Wellness is a concept that has found its way into more and more corners of American life. At its heart, wellness is about adopting practices—like exercising more and eating healthy—that help you live a better life. These practices can also help you improve your financial life, under the rubric of “financial wellness.” This concept is about changing financial behaviors and adopting more effective money habits to secure financial stability and financial freedom.
What Is Financial Wellness?
Financial wellness is a relative measure of how well a person manages their financial life. Improving financial wellness is about practicing better money habits, setting goals and taking steps to achieve them—all with the aim of improving your overall quality of life.
“Financial wellness is the ability of people to lead a successful financial life,” says Drew Pratt, a chartered financial analyst (CFA) and vice president of investment advice at Rebalance.
According to Adam Scherer, a certified financial planner (CFP) and president at Greenbeat Financial, practicing financial wellness impacts many of your day-to-day activities. But it also covers big, long-term projects like retirement.
“It’s like what psychologists point to as the hierarchy of needs,” says Scherer. “There’s also a hierarchy of financial needs.”
From good budgeting practices and saving for the future, to estate planning and retirement planning, financial wellness involves understanding your needs and making plans.
“These sorts of core goals are necessary for a comprehensive financial planning strategy,” says Scherer.
The Four Elements of Financial Wellness
There are plenty of different ways to think about financial wellness, but here we’ll approach the subject using four categories: short-term finances, long-term finances, present financial freedom and future financial freedom.
1. Managing short-term finances
This involves making a budget, sticking to it and working to gradually increase your income.
“Everybody should have a budget and really understand the fundamentals of their own household income statement and try to live within their means,” says Pratt.
Speaking with a financial professional is a great way to get your short-term finances on the right track.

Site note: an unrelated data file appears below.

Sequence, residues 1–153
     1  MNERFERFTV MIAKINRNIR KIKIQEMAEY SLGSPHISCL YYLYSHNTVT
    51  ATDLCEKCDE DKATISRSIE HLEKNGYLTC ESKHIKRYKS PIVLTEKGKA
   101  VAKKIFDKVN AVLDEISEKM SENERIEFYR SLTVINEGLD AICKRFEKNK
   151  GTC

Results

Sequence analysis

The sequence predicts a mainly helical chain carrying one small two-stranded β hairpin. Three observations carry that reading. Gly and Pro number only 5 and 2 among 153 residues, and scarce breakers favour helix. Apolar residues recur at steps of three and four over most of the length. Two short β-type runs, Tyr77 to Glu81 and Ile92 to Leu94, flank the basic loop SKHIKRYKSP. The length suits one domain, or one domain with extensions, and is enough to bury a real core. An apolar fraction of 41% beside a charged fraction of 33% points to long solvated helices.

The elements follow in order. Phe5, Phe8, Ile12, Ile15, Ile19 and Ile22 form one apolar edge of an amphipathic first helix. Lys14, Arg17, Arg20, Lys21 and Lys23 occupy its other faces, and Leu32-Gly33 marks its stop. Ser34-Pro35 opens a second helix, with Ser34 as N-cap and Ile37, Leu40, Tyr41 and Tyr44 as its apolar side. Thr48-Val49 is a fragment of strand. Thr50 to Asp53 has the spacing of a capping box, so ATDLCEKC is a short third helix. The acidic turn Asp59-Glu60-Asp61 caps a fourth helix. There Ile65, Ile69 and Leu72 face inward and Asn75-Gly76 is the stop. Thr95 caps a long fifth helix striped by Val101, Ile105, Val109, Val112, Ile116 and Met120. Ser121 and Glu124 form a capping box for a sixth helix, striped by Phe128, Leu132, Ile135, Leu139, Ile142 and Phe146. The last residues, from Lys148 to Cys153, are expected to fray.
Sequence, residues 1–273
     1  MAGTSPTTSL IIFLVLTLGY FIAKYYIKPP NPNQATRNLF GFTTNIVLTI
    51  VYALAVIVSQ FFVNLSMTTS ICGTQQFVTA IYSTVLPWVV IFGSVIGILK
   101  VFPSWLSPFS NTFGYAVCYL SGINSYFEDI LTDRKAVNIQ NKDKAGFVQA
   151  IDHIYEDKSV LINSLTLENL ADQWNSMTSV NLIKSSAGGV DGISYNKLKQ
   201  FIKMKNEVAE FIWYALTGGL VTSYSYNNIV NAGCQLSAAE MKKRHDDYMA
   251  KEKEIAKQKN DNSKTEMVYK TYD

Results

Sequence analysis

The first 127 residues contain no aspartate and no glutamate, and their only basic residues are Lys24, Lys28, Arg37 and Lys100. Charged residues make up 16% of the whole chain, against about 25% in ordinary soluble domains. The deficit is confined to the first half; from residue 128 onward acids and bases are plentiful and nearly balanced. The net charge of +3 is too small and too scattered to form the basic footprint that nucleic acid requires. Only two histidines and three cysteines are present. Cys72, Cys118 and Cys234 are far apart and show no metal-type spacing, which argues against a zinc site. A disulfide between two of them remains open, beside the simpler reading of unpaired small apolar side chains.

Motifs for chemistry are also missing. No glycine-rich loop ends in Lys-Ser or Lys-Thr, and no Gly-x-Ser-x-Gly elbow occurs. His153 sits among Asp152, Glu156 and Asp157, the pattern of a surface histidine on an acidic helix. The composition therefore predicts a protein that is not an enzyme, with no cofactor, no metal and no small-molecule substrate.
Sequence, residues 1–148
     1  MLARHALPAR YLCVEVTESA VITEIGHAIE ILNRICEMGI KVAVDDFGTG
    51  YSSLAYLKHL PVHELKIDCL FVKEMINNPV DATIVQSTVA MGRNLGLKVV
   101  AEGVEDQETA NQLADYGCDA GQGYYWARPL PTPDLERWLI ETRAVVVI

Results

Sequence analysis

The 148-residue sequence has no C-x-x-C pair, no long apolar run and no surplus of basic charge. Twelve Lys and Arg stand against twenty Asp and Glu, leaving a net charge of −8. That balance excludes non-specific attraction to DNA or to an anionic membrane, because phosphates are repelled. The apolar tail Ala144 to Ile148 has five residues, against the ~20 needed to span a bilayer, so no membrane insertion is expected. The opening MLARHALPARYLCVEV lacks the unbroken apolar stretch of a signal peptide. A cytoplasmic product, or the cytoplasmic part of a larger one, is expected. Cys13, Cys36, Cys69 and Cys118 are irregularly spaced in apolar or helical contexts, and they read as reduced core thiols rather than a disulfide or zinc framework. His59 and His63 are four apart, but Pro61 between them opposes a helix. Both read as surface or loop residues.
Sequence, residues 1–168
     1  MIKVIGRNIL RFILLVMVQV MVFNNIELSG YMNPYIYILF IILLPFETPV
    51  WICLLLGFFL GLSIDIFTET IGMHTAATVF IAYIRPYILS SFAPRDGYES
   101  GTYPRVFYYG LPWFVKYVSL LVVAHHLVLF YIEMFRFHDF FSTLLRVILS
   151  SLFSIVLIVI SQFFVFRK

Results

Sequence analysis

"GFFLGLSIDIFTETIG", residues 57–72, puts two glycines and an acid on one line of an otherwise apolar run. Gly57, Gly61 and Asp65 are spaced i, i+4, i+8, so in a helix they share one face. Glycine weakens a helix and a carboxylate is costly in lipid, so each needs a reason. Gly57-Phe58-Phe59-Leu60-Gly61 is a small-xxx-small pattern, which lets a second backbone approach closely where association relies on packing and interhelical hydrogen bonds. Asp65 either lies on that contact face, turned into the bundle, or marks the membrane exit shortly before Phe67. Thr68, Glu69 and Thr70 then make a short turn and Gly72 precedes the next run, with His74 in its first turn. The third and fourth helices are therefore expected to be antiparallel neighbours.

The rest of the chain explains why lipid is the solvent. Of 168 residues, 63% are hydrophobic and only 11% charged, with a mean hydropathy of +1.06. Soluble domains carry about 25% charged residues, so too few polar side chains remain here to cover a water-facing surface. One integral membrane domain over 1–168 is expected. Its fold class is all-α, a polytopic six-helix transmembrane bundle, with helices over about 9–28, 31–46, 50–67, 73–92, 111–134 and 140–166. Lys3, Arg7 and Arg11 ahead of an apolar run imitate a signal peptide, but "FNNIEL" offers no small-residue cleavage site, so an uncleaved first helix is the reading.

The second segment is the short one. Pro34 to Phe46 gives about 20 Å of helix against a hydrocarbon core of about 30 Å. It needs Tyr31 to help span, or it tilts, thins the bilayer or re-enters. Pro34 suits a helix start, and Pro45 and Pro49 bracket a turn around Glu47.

2. Managing long-term finances
Part of managing your short-term finances is ensuring that you make room to save and invest for long-term goals. Improving your financial wellness today helps get you on track for goals like buying a home and building a nest egg for retirement.
According to Michael Liersch, head of advice and planning at Wells Fargo Wealth & Investment Management, encourages clients to meet with a trusted collaborator—a financial advisor, their spouse or child—and honestly review their assets and liabilities as part of the process of managing their long-term finances.
3. Improving present financial freedom
The goal of gaining control over short-term finances is to give the individual present financial freedom. Again, this can be accomplished with financial literacy, but the wellness aspect means you need to feel like your finances are under your control as well.
“It’s about you seeing the numbers next to your habits and making adjustments so that your goals and how you define financial well-being are represented in the things you’re spending on,” says Scherer.
4. Achieving future financial freedom
This means you are following through on plans to accomplish your long-term financial goals. Retirement planning is a key part of achieving future financial freedom.
“There are some tried and true ways to make money and achieve financial wellness. To put it simply, the path is created by habitual, multi-year commitments,” says Liersch.
Financial Wellness vs. Financial Literacy